With Soria and Avilan, the White Sox pick up two experienced arms for the back-end of their bullpen. Perhaps most importantly for the rebuilding club, they could also be trade options down the line. Soria, who turns 34 in May, posted a 3.70 ERA and 64/20 K/BB ratio over 56 innings with the Royals last season. Avilan, 28, compiled a 2.93 ERA with 52 strikeouts and 22 walks in 46 innings with the Dodgers.

On the surface, this is a curious deal for the Royals, but they were able to shed Soria’s salary. This could be motivated by their efforts to retain free agent first baseman Eric Hosmer. Looking strictly at the talent coming back, Oaks has a chance to be a contributor in the big-league rotation. Recently added to the Dodgers’ 40-man roster, the 24-year-old posted a 3.64 ERA over 16 appearances (including 15 starts) at the Triple-A level in 2017. The 23-year-old Mejia fits the mold of a possible utility player.

Don’t Forget About Dahl

Rockies outfielder David Dahl was a popular breakout candidate in fantasy leagues just one year ago, but his 2017 season was torpedoed due to a nagging stress reaction injury in his rib cage. The 23-year-old ended up appearing in just 19 minor league rehab games all year. So far, 2018 is off to a better start.

According to Patrick Saunders of the Denver Post, Dahl swung a bat Thursday for the first time since last July 31. He was shut down for the year shortly after that, but an MRI in November showed that the injury finally healed. Dahl said Thursday that he “felt really good” and as opposed to last season, “he wasn’t hesitant or worried.” Letting things loose in game action will be the big test, but this was an important and encouraging first step toward putting his lost season in the rear view mirror.

We tend to have a short attention span these days, so it’s easy to forget that Dahl batted .315/.359/.500 with seven homers, 24 RBI, and five steals over 63 games as a rookie in 2016. Don’t make that mistake with a player who could play half of his games at Coors Field. Fantasy owners would be wise to monitor him closely as spring training approaches.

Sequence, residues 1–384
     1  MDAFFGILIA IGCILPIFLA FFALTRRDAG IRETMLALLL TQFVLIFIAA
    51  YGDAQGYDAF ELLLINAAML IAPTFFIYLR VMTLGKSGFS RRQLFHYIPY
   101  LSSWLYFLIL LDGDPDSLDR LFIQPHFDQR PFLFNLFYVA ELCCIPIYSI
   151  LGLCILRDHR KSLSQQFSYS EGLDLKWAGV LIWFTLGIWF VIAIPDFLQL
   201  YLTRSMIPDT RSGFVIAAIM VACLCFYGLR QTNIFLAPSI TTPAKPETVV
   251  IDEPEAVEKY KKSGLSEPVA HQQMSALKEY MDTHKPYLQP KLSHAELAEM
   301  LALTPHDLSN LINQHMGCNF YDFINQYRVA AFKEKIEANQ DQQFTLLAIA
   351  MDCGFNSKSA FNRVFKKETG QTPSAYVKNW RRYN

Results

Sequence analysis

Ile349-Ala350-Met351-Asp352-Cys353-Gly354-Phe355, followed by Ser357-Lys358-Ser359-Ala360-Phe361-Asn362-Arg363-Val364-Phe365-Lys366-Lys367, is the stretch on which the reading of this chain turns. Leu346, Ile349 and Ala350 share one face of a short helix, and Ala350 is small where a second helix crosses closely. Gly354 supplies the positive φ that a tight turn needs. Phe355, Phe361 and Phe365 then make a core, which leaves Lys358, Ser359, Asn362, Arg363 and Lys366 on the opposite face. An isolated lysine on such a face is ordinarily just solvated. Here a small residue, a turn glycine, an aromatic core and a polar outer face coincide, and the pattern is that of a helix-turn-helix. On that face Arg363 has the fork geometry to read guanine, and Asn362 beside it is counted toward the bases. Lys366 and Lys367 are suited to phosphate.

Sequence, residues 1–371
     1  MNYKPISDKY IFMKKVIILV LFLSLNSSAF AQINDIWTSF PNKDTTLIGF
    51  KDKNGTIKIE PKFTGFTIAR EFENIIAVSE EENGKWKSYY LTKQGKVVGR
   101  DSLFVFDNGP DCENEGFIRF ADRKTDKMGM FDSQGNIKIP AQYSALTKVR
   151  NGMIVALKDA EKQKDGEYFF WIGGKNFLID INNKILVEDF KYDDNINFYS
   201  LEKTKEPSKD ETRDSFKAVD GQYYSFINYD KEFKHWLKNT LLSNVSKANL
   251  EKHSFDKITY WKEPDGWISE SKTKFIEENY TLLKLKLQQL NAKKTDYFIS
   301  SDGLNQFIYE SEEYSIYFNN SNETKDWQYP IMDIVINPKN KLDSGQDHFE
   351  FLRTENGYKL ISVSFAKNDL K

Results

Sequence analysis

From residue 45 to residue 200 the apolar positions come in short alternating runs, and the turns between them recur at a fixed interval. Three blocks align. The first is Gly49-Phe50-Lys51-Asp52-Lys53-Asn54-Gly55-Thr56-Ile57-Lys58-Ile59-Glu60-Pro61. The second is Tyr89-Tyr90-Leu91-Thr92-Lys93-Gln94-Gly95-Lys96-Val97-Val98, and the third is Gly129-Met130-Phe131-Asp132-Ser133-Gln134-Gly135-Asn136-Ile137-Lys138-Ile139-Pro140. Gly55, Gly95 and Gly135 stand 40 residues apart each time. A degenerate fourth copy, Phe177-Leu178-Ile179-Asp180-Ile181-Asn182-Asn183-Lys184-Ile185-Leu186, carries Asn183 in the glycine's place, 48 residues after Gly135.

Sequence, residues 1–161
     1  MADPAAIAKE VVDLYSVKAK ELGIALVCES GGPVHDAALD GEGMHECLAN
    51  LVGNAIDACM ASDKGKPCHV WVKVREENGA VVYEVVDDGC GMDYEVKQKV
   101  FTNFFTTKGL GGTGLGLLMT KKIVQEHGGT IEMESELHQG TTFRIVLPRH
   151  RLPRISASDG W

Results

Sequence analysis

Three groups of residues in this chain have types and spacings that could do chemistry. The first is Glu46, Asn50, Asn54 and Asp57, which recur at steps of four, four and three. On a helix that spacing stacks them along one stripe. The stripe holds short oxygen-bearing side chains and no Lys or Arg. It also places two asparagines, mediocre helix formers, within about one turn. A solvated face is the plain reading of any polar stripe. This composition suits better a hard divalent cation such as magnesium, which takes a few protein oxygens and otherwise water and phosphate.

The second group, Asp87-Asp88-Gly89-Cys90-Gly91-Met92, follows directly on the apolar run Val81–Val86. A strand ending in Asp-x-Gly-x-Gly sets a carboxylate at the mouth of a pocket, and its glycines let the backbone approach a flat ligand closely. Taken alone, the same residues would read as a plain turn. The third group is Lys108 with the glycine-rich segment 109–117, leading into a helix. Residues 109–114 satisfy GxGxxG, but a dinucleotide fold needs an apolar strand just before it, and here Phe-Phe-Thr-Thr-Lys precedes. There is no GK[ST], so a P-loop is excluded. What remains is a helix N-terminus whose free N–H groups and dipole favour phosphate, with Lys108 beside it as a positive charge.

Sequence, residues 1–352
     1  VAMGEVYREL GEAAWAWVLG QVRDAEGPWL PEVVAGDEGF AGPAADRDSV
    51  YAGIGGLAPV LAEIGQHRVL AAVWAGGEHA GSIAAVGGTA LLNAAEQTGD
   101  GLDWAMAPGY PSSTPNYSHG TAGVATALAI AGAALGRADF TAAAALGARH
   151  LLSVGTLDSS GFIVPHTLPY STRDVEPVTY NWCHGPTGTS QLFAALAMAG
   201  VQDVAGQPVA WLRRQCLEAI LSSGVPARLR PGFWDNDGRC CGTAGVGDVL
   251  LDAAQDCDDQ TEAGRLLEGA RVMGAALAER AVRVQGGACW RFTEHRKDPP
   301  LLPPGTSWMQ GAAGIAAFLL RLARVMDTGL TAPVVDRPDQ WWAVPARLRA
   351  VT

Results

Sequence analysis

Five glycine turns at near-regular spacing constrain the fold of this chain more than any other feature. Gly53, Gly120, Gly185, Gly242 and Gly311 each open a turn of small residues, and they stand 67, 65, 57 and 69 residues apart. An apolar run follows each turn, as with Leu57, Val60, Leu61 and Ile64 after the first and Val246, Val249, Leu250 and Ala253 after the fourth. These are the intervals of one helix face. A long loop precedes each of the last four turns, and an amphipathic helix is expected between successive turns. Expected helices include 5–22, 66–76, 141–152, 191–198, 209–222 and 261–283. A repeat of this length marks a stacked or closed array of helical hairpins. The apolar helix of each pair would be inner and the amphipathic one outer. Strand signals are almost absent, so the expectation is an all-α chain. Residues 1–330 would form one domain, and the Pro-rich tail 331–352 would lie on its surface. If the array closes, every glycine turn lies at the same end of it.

Quick Hits: Ken Rosenthal of The Athletic reports that the Marlins are not trying to attach a high-salaried player in a potential trade involving Christian Yelich or J.T. Realmuto … Per multiple reports, the Nationals and Braves have both shown interest in Yelich and Realmuto … Darren Wolfson of ESPN 1500 reports that the Twins are still trying to schedule a meeting with free agent right-hander Yu Darvish … Ken Rosenthal of The Athletic reports that the Mets and Pirates have discussed Andrew McCutchen, though no deal is close and New York is said to be considering a variety of options … Jon Morosi of MLB Network reports that the Blue Jays are not involved in any active trade talks regarding Josh Donaldson … Per Ken Rosenthal of The Athletic, Dillon Gee has agreed to a one-year deal worth between $1.5 million and $2 million to pitch for the Chunichi Dragons of Japan’s Central League. He’s reportedly hoping to re-establish his value before returning to MLB … According to Jon Heyman of FanRag Sports, Tyson Ross will receive a base salary of $1.75 million if he makes the Padres’ roster … Former Red Sox reliever Daniel Bard, who pitched in the minors with the Mets and Cardinals in 2017, has retired from baseball … The Phillies have signed former Red Sox third baseman Will Middlebrooks to a minor league contract with an invitation to spring training … The Padres and reliever Carter Capps avoided arbitration by agreeing to a one-year, $1.0625 million contract …



D.J. Short is a Rotoworld senior baseball writer and hosts the Rotoworld Baseball Podcast. You can also find him on Twitter and Facebook.